There is something incredibly therapeutic about a mortar and a pestle, Oriental spice and condiments.
I had bought some rawas fillets, a sea fish, from Jude’s Cold Storage at Pali Naka, Bandra recently at Rs 200 (4 USD) for the lot. This fish was fresh and they said was from the day’s catch.
I sautéed some of the fish with South African Peri Peri sauce, SA red pepper and Australian bush salts the other night. The pairing turned out to be pretty good and the quality of the fish excellent. A quick fix dish after work.
Today I decided to cook the rest of the fish in a Thai style. Not from any recipe. But using sauces, condiments and herbs which are used quite a bit in Thai cooking. And the mortar and pestle that I lugged all the way back from Chiang Mai.
I tossed up a quick egg fried rice to go with it.
Here are the recipes:
Thai Styled Rawas
- Take about 200 g rawas fillets. Now the thing with rawas is that it breaks very easily. So cut it into small cubes for sanity. Use a flat pan while cooking as the fish becomes easier to manage
- Marinate the rawas in about 3 tablespoons of Thai Sriracha sauce. Sriracha is an allegedly hot Thai chilli sauce which is actually kid stuff for most Indian palates. I picked up the Sriracha at an Asian Store at Sydney but you would get it here too. Add a tablespoon of Thai chilli paste and a teaspoon of honey. The Thais use palm sugar to sweeten dishes. I bought the chilli paste at Chiang Mai but saw it at Oz too. Most of the sauces would be available at stores such as Regal, Sante and Vijay Stores at Pali Market, Bandra and Nature’s Basket too. Keep the marinated fish in the fridge for half an hour.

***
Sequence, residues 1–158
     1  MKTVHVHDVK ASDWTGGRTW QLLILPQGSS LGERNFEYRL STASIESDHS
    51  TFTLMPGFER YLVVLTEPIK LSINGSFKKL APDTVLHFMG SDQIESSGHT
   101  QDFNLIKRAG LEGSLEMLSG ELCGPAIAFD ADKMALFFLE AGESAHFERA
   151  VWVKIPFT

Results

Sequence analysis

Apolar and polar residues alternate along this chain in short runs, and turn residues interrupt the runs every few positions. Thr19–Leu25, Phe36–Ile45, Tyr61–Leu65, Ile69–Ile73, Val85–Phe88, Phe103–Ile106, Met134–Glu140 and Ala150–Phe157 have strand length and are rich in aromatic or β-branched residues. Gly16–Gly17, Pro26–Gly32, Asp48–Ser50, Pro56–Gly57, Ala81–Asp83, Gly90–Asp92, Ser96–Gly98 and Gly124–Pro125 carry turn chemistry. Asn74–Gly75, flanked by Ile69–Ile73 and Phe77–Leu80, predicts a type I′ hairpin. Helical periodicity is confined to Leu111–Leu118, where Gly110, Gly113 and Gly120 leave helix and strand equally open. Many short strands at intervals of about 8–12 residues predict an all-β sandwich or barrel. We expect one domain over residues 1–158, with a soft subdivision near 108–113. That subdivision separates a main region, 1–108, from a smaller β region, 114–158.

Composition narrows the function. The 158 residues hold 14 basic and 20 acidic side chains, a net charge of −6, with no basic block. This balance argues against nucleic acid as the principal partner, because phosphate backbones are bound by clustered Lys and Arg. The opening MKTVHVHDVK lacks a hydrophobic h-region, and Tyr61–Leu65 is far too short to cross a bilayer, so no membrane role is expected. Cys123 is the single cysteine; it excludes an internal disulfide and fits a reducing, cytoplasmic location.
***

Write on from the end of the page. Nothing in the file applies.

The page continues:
- Thai paste – put about an inch of finely chopped ginger, 7,8 basil leaves, 7,8 round Thai eggplants and 2,3 Kaffir lime leaves. I got all of this at Lallu’s at Pali Market. Pound these in the mortar and pestle till you get a rough paste
- Heat 3 tablespoons of oil in a pan. We use rice oil these days. It’s apparently healthier
- Once the fish is hot put the fish in the pan. Rawas breaks easily so use your fingers or a spoon to put them gently on to the pan. One at a time
- Turn the fish cubes over one by one after it cooks on one side and add in the Thai paste and season with some fish sauce
- Let it cook on a high flame for 2 min.
- Reduce the flame and turn the fish over one by one again.
- Another two minutes and you are done
My heart is never into ‘eating’ fish. The small portion that I tries gave me a fair bit of creative satisfaction. K, the fish eater in the family, lapped up the rest even though it was a tad salty. The saltiness was due to adding salt AND fish sauce. Just the latter would do
Chinese egg fried rice
- Heat 2 tablespoons of oil in a wok. I used rice oil instead of the Chinese favourite of sesame oil
- Once the oil heats add some crushed garlic
- Then break an egg in it and scramble it by stirring it with a ladle
- Add a bowl of cooked rice
- Then add a teaspoon of shrimp sauce for seasoning, a pinch of ajino moto, a teaspoon each of soy sauce and vinegar. I didn’t have any vinegar at home so used some Lebanese lemon powder. You could use salt instead of shrimp sauce
- Stir the rice for a minute
- Add some crunchy vegetables. All I had at home were spring onions and a few bits of capsicum. Shredded cabbage & carrots would be nice
- Stir for a minute and you are ready
I’ve been making a lot of stir fried Hakka noodles off late as they are so quick to put together. The rice was a nice change.